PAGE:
HSGSRT.C.6 Understand that by similarity, side ratios in right triangles are properties of the angles in the triangle, leading to definitions of trigonometric ratios for acute angles. 

HSGSRT.C.7 Explain and use the relationship between the sine and cosine of complementary angles. 
Trig Functions in right triangles  
HSGSRT.C.8 Use trigonometric ratios and the Pythagorean Theorem to solve right triangles in applied problems. 

HSGSRT.D.9 (+) Derive the formula A = 1/2 ab sin(c) for the area of a triangle by drawing an auxiliary line from a vertex perpendicular to the opposite side. 
Nonright triangle proofs 

HSGSRT.D.10 (+) Prove the Laws of Sines and Cosines and use them to solve problems. 

HSGSRT.D.11 (+) Understand and apply the Law of Sines and the Law of Cosines to find unknown measurements in right and nonright triangles (e.g., surveying problems, resultant forces). 
Law of cosines 
Standard 
Lessons 
Worksheets/Games 
HSGC.A.1 Prove that all circles are similar. 
Define similarity through angle preserving transformations  
HSGC.A.2 Identify and describe relationships among inscribed angles, radii, and chords. Include the relationship between central, inscribed, and circumscribed angles; inscribed angles on a diameter are right angles; the radius of a circle is perpendicular to the tangent where the radius intersects the circle. 
Central, inscribed, and circumscribed
angles 

HSGC.A.3 Construct the inscribed and circumscribed circles of a triangle, and prove properties of angles for a quadrilateral inscribed in a circle. 

HSGC.A.4 (+) Construct a tangent line from a point outside a given circle to the circle. 
Construct tangent 

HSGC.B.5 Derive using similarity the fact that the length of the arc intercepted by an angle is proportional to the radius, and define the radian measure of the angle as the constant of proportionality; derive the formula for the area of a sector. 
Radians
and Arc Length 
Standard 
Lessons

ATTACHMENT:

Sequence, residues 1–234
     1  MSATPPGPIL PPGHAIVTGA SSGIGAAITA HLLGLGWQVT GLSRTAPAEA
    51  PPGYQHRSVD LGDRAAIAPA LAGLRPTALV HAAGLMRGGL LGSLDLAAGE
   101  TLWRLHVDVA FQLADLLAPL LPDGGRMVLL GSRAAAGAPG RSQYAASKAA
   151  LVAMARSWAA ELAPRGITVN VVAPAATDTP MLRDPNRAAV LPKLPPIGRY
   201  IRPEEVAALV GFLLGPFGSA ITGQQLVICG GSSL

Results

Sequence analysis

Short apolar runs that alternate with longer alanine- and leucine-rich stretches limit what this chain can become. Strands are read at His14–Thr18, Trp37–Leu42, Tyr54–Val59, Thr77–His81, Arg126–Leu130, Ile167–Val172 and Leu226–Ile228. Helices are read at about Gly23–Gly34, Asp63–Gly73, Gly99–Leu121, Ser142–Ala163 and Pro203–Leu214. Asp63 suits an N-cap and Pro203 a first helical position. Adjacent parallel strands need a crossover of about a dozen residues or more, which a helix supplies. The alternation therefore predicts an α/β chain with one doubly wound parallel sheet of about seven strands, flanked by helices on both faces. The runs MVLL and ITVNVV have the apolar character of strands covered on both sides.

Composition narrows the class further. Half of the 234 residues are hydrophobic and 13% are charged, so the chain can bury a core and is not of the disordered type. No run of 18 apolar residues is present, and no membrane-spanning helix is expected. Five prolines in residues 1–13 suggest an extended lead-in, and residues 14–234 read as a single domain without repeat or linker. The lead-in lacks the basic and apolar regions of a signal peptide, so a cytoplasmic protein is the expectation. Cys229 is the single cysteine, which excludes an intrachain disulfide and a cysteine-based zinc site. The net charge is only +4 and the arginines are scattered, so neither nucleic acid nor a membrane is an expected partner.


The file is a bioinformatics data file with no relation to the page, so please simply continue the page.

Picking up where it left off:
Worksheets/Games 
HSGGPE.A.1 Derive the equation of a circle of given center and radius using the Pythagorean Theorem; complete the square to find the center and radius of a circle given by an equation. 
Pythagorean theorem and the equation of
a circle 

HSGGPE.A.2 Derive the equation of a parabola given a focus and directrix. 
Parabola intuition 1 

HSGGPE.A.3 (+) Derive the equations of ellipses and hyperbolas given the foci, using the fact that the sum or difference of distances from the foci is constant. 
Explore foci
of an Ellipse 

HSGGPE.B.4 Use coordinates to prove simple geometric theorems algebraically. For example, prove or disprove that a figure defined by four given points in the coordinate plane is a rectangle; prove or disprove that the point (1, ?3) lies on the circle centered at the origin and containing the point (0, 2). 

HSGGPE.B.5 Prove the slope criteria for parallel and perpendicular lines and use them to solve geometric problems (e.g., find the equation of a line parallel or perpendicular to a given line that passes through a given point). 

HSGGPE.B.6 Find the point on a directed line segment between two given points that partitions the segment in a given ratio. 

HSGGPE.B.7 Use coordinates to compute perimeters of polygons and areas of triangles and rectangles, e.g., using the distance formula. 
Coordinate Plane word problems 
Standard 
Lessons 
Worksheets/Games 
HSGGMD.A.1 Give an informal argument for the formulas for the circumference of a circle, area of a circle, volume of a cylinder, pyramid, and cone. Use dissection arguments, Cavalieri's principle, and informal limit arguments. 

HSGGMD.A.2 (+) Give an informal argument using Cavalieri's principle for the formulas for the volume of a sphere and other solid figures. 

HSGGMD.A.3 Use volume formulas for cylinders, pyramids, cones, and spheres to solve problems. 

HSGGMD.B.4 Identify the shapes of twodimensional crosssections of threedimensional objects, and identify threedimensional objects generated by rotations of twodimensional objects. 
Cross sections of 3D objects Rotate 2D to make 3D 
Standard 
Lessons 
Worksheets/Games 
HSGMG.A.1 Use geometric shapes, their measures, and their properties to describe objects (e.g., modeling a tree trunk or a human torso as a cylinder). 

HSGMG.A.2 Apply concepts of density based on area and volume in modeling situations (e.g., persons per square mile, BTUs per cubic foot). 

HSGMG.A.3 Apply geometric methods to solve design problems (e.g., designing an object or structure to satisfy physical constraints or minimize cost; working with typographic grid systems based on ratios). 
Geometric Shapes word problems